ISLAMABAD: As the Election Commission of Pakistan (ECP) is failing to digitise and upload the statements of assets and liabilities filed by the legislators, it is restricting transparency and access to knowledge even about the unrealistic wealth statements filed by provincial and federal lawmakers.
The ECP currently only provides the statements filed by the elected representatives of the parliament and the provincial assemblies in a book form on payments, and apart from a few sectors like the NGOs, law firms active in the political arena, etc., only media persons procure these hefty copies. But this process adds to the lack of transparency and access of ordinary citizens to check the conflicting statements if any filed by the public representatives.
Experts believe transparency in presenting their wealth is the only way forward to allow women, members of non-Muslim communities, and even the trans-people to enter the election race as these communities are not as rich as the traditional political families.
Free and Fair Election Network (Fafen) — an independent entity for open parliament, good governance, and fair elections in Pakistan — has uploaded statements of some legislators in a bid to add transparency to the system.
ECP official alleges there is ‘pressure’ that even hard copies should not be shared with the media
Fafen spokesman Rashid Chaudhary said making the statement of assets more accessible to the masses would eventually increase debate and discourse over the subject and this would act as basic scrutiny by the people even if it was not done by the ECP. “In the long run, making the wealth of legislators more transparent will lead to empowerment of the majority of the people of Pakistan who are women, trans-people and people with special needs put together,” Mr Chaudhary said.
Advanced democracies like the developed countries had already come out of ‘elite capture syndrome’ through transparency in the system, he added.
It will eventually compel politicians to be realistic regarding expenses incurred during the election process and this way the politics of money will reduce due to public pressure and allow the new entrants to challenge their spending beyond legal limits. One of the reasons that political parties do not award tickets to women and non-Muslims for general seats is the culture of incurring high costs to win a seat, and the winners usually recover that amount while in the house.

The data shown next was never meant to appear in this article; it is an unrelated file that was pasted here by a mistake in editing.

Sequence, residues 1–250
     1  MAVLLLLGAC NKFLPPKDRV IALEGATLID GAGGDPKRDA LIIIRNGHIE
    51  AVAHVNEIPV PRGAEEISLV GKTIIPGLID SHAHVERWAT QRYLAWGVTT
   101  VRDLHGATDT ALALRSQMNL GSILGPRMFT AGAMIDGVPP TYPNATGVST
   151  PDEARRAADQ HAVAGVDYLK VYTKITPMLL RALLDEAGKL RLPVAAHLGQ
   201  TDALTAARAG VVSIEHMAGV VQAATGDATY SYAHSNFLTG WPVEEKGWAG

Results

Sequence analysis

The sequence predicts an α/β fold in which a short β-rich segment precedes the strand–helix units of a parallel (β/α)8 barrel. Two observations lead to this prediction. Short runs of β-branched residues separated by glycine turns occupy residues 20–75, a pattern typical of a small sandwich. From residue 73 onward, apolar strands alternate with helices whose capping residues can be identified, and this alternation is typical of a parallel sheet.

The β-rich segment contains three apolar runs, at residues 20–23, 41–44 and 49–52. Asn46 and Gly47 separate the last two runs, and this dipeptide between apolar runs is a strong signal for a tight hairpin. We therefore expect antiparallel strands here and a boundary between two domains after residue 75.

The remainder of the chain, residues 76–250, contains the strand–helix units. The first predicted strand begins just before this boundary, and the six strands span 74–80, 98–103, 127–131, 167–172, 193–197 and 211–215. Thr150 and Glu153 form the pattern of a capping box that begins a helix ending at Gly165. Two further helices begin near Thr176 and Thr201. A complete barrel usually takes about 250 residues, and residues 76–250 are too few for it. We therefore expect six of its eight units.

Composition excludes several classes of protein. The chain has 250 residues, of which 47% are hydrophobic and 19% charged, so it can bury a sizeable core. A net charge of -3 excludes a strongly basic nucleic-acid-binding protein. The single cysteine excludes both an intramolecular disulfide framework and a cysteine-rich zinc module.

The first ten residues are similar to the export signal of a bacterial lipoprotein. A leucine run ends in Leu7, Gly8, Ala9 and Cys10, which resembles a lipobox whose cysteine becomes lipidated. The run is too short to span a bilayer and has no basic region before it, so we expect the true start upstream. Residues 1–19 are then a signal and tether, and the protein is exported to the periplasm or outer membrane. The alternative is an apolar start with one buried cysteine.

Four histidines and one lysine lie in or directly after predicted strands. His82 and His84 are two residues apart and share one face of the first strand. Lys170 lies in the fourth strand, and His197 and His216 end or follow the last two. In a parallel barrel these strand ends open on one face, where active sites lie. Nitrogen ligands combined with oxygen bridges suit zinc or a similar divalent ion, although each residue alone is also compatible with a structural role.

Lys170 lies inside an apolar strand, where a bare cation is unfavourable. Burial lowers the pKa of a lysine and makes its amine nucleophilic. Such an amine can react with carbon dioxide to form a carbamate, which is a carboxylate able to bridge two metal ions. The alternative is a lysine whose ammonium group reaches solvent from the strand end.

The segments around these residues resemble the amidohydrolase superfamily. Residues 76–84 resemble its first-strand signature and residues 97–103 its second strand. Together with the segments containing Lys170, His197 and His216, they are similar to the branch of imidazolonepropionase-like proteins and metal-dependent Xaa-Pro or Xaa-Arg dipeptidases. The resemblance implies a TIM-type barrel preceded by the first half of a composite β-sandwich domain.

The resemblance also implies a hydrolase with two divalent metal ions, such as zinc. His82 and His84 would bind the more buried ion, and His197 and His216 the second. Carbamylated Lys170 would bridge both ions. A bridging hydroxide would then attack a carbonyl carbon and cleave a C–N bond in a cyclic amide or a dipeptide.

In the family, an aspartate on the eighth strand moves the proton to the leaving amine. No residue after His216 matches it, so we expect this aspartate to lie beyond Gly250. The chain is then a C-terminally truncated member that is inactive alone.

The Fafen spokesperson said it would also be clear with more transparency that one reason for some families to continue to remain in politics was their financial growth from the political system.
As the move to make statement of assets online will bring a higher degree of transparency in the electoral process, it is expected to eventually eradicate the culture of high cost for contesting elections, as more questions will be raised about the declared wealth of elected representatives when a comparison can be made by all those concerned easily after the statement of assets is available online.
A query forwarded to the ECP about why the statement of assets was not uploaded on its website remained unanswered.
However, an officer on the condition of anonymity said the law did not allow them to disseminate digital copies or upload the statement of assets submitted by the legislators on the ECP website.
The officer claimed they were already under pressure from the legislators who demand that even the hard copies should not be given to media.
Section 138 of Elections Act 2017 calls for ‘Publication of statement of assets and liabilities’, and it also states that anybody can obtain them upon payment of prescribed fee. Currently the fee is Rs10 per page and the complete set of statement filed by all the MPAs of four assemblies, as well as the members of upper and lower house of the parliament can cost up to Rs40,000.
Ex-senator Mustafa Nawaz Khokhar, who resigned from his seat over differences with the PPP leadership, said the ECP was responsible to change the system for good and make it easy and transparent for the ordinary citizens.
“The ECP has powers under the law and such changes should be made to bring more transparency in the democratic process,” Mr Khokhar said, and added that the system was in favour of electables. That was why the political parties try to woo an ‘electable’ over less affluent class, including women, non-Muslim candidates.
The digitisation of the statement of assets will also make it easy to cross-check the financial worth of contestants in their later years in office, against the statements they file after winning. Pakistan Institute of Legislative Development and Transparency (Pildat) President Ahmed Bilal Mehboob supports the uploading of the statement of assets. According to him, this will bring more transparency to the system and as a result, it will be clearer to everyone that contesting elections is beyond the range of most people’s pockets.
Published in Dawn, December 3rd, 2023